The Question Before Religious Organizations: God or Mammon?

“No one can be the slave of two masters; such a slave will hate one and love the other or will be loyal to one and despise the other. You cannot serve both God and money.” Luke 16:13

The ruling by the SCOTUS on Friday will undoubtedly result in an assault on religious freedom in this country. This is not speculation or hysteria. The possibility of religious persecution as a direct result of this ruling was clearly outlined in the dissenting opinions of Chief Justice Roberts and Justice Scalia. People who possess more knowledge than I in the area of Constitutional law have articulated why this was a bad legal decision so I am not going to expand on that topic any further. As a follower of Christ, my main concern right now is how the Church will respond.

Before any action can be taken, I feel the need as a Church to repent.* In an effort to win converts, we have become as consumer-driven as our culture. The intent was good, but the means to get there have been disastrous. With the exception of a few, we have embraced materialism/consumerism. I am not railing against those individuals to whom God has blessed with money. This is not a class-warfare diatribe or a judgment on those who have not taken a vow of poverty. My question is how closely are we tied to those things? How closely are we tied to money?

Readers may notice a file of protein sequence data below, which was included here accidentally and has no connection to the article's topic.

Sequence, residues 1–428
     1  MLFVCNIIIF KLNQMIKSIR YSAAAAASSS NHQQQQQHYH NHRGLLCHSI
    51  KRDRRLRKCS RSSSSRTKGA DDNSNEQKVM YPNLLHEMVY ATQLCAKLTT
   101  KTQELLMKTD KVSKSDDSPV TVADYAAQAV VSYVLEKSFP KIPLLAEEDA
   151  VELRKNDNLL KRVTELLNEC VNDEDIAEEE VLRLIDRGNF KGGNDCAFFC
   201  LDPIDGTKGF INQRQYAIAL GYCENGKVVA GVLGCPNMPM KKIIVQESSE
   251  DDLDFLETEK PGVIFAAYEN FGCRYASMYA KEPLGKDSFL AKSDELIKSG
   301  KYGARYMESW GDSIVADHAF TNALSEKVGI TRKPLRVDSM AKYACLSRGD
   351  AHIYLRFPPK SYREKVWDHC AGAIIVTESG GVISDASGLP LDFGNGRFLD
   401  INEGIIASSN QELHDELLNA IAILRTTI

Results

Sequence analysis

Religious schools, businesses, and non-profits will likely be the first to be targeted for religious persecution if they do not “comply” with the new mandate. Will the retention of tax-exempt status** be placed above standing for the faith? Will profit? Will a brand new building? These are serious questions that will have to be answered by these schools and organizations. They will have to decide whether they will serve God or money. As Jesus wisely said, you cannot serve both.

Will these decisions be easy? No. It may involve loss and a possibility of down-sizing within these organizations, businesses, and churches. It may require civil disobedience or a lawsuit to stand up for religious freedom. The bottom line is that it will cost something. To pretend it will not would be dishonest.  But almost 2,000 years ago 12 men without tax-exempt status, a big budget, a big building, or a fog machine changed the world. They proved that the good new of Christ does not need these things in order to grow and flourish.

*This is just one of the many things we need to repent of as the Church and that I am repenting of personally. Another area that comes to mind is our inconsistent teaching and church discipline regarding sexual ethics and divorce. This has hurt our credibility and opened us up to criticism regarding our consistency with Christ’s teachings.

** I previously wrote that losing tax-exempt status could be a blessing in disguise. After further reading and consideration I have revised my position. Losing tax-exempt status would actually give the government the ability to “punish” churches who do not conform via their taxing power. Rather than freeing churches, it would shackle them and ruin smaller congregations. The entire purpose of a tax-exempt status is to protect churches from government intrusion. We have seen under this administration how the IRS can be used to punish those whom they disagree with.

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